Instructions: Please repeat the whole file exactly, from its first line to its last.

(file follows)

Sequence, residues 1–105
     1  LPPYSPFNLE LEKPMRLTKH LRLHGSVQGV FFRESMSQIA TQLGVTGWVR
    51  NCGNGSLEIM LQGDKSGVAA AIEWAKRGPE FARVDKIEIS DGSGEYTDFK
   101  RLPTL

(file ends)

Sequence, residues 1–105
     1  LPPYSPFNLE LEKPMRLTKH LRLHGSVQGV FFRESMSQIA TQLGVTGWVR
    51  NCGNGSLEIM LQGDKSGVAA AIEWAKRGPE FARVDKIEIS DGSGEYTDFK
   101  RLPTL